Der gute Kampf gegen die Malaria

LONDON – Der Tsunami in Japan, das Erdbeben in Haiti und der Hurrikan Katrina zählen zu den bekanntesten Naturkatastrophen der letzten Zeit. Ihre gewaltige Zerstörungskraft kostete Tausenden von Menschen das Leben, vernichtete wichtige Infrastruktur und lähmte ganze Volkswirtschaften. Zwar könnten die betroffenen Gesellschaften könnten kaum unterschiedlicher sein, aber trotzdem fällt die Ähnlichkeit der Reaktionen ins Auge. Die großzügige weltweite Unterstützung zeigte, wozu Menschlichkeit in ihrer besten Form fähig ist.

Die internationale Unterstützung in Krisenzeiten als natürliche moralische Antwort auf das Leiden anderer Menschen zeigt aber auch auf beunruhigende Weise, dass Hilfe für chronische Krisen schwieriger zu bekommen ist, als für plötzliche, unerwartete und dramatische Ereignisse.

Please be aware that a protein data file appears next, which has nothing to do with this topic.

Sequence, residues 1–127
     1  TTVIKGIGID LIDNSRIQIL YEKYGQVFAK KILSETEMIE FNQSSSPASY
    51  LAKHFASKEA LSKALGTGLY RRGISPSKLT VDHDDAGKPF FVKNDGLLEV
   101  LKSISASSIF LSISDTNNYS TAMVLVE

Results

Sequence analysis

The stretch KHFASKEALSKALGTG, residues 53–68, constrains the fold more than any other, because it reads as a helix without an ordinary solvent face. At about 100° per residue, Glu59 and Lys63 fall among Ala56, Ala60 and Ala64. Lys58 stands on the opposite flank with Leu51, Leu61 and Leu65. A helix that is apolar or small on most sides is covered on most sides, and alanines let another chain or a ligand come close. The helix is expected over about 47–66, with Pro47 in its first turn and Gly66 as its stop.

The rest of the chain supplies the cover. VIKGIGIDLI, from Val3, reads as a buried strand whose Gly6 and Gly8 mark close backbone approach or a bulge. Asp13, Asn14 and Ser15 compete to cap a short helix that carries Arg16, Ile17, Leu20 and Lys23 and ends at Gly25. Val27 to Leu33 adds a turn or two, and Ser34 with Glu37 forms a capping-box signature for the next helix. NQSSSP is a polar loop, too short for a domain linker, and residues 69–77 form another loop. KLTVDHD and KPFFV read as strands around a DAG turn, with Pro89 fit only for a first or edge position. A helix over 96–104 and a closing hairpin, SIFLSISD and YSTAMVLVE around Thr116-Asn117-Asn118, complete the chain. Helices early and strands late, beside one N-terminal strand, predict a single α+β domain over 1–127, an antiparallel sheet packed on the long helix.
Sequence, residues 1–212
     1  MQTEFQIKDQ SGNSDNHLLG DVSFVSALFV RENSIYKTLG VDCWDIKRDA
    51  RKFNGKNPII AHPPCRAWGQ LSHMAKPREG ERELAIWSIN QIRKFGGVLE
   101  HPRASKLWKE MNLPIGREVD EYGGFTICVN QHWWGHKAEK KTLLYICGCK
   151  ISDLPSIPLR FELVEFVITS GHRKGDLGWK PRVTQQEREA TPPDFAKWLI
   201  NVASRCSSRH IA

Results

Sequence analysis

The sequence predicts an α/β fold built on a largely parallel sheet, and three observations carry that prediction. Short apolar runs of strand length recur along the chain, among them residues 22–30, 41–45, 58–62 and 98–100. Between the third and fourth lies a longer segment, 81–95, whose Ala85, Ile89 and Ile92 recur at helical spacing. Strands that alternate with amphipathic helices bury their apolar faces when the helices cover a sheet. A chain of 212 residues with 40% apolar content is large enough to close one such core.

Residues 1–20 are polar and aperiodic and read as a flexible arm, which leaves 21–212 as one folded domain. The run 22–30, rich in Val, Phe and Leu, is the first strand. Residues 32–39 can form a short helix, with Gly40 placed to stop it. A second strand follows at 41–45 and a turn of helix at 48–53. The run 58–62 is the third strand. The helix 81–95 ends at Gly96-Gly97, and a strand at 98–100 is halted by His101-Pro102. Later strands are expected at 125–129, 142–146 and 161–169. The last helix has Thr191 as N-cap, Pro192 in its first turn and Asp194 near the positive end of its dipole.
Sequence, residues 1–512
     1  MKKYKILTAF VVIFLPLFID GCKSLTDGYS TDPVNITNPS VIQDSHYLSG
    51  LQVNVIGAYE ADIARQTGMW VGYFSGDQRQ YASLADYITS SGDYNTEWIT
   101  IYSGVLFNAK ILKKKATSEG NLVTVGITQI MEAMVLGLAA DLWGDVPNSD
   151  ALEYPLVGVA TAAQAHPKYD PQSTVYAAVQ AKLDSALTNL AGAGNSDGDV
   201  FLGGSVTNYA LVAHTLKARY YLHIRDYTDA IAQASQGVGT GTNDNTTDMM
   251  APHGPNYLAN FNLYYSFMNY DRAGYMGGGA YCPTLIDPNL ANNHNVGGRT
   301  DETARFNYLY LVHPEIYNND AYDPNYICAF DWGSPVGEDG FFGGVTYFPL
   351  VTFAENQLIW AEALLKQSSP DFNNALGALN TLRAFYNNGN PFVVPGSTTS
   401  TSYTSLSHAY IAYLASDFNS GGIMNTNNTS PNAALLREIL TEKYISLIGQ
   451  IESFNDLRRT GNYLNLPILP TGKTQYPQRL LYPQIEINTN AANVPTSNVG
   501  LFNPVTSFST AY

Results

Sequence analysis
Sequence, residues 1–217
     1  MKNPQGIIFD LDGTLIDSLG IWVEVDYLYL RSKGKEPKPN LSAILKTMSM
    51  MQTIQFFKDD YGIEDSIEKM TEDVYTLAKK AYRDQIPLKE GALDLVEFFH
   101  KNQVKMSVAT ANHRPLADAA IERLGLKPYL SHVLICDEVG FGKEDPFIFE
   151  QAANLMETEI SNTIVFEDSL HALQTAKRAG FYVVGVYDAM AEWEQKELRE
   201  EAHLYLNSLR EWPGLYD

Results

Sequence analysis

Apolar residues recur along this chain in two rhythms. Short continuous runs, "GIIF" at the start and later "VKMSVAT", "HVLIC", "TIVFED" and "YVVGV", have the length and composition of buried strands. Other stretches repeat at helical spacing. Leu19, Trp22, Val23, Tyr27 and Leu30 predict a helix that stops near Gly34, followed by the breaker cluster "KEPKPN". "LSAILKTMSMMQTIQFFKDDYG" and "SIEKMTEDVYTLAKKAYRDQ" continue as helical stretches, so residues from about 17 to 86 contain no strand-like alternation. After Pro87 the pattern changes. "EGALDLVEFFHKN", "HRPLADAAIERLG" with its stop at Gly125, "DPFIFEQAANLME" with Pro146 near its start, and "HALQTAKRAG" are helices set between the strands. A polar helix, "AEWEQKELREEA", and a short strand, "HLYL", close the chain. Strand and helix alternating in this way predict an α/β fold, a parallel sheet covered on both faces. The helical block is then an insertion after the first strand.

Eines der zerstörerischsten globalen Gesundheitsprobleme unseres Planeten ist die Malaria, der jährlich mehr als 800.000 Menschenleben zum Opfer fallen, in erster Linie junge afrikanische Kinder. Der Roll Back Malaria Partnership zufolge sterben täglich 2.000 Kinder an dieser Seuche. Allerdings gibt es im Gegensatz zu Naturkatastrophen keine Fotos, die das Ausmaß dieser Tragödie zeigen. Bei gleichen Opferzahlen, aber ohne den Eindruck grausiger Bilder, ist es viel leichter, gegenüber den Opfern der Malaria gleichgültig zu werden.

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